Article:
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wiretapping orders (§ 629.60), which requires reports be signed by the same judge that issued the authorization. The Roberts court concluded the same judge may not always be available and “[r]ather than forgo prompt judicial oversight of the wiretap, a fully informed judge may review the reports.” (Roberts, supra, at p. 1185.) Roberts determined that “[c]ontrary to defendants’ assertions, we do not believe the requirement the report be signed only by the judge that issued the authorization order plays a central role in the statutory scheme.” (Ibid.)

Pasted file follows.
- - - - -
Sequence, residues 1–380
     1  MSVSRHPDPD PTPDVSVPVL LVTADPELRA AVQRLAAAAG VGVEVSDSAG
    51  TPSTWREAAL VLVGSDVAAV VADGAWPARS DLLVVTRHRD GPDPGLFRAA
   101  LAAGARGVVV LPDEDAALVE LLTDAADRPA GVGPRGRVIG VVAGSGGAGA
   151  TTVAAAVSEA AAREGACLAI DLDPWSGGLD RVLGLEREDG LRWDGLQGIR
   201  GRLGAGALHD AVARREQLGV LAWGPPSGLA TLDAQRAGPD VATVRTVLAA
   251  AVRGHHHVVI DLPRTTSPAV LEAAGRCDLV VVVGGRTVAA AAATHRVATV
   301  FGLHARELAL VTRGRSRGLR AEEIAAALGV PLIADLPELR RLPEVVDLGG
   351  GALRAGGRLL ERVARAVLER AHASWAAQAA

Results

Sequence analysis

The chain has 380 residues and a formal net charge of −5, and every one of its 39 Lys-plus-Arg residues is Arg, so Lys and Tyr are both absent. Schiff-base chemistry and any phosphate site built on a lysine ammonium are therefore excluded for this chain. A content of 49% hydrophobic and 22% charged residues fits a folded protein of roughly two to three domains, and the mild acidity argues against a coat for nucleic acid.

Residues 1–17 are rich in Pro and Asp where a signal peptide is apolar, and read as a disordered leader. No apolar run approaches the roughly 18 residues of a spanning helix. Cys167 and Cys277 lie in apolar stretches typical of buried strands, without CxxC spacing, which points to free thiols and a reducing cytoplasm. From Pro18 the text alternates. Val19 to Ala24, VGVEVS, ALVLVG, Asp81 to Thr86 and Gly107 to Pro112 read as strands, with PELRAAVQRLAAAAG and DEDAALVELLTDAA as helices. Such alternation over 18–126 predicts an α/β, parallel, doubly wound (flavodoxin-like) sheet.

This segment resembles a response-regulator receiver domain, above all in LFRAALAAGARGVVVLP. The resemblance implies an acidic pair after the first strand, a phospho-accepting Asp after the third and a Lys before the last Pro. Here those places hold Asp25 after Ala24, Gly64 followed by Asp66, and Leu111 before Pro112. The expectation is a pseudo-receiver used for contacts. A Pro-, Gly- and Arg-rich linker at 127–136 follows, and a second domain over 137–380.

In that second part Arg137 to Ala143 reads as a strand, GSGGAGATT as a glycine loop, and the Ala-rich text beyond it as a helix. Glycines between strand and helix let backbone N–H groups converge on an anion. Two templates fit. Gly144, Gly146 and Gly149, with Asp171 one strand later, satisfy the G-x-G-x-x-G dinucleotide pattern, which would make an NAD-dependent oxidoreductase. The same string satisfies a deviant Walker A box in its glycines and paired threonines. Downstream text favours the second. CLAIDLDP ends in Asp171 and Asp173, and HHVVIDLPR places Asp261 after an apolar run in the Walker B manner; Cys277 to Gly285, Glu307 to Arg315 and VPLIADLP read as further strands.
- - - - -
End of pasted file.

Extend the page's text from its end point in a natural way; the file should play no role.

Rebutting the People’s claims on this point, defendant insists a judge’s practical unavailability should not render him unavailable for the purposes of hearing a relitigated motion to suppress, and Roberts is not instructive because the requirement contemplated in that case was not important to the statutory scheme. We agree that contrary to the requirement found in section 629.60, the requirement in section 1538.5 was expressly added to curb forum shopping and is an important part of the statutory scheme. However, what is unclear is whether subdivision (p) of section 1538.5 should be interpreted to mean a judge is “available” to hear a motion to suppress regardless of any administrative hurdles.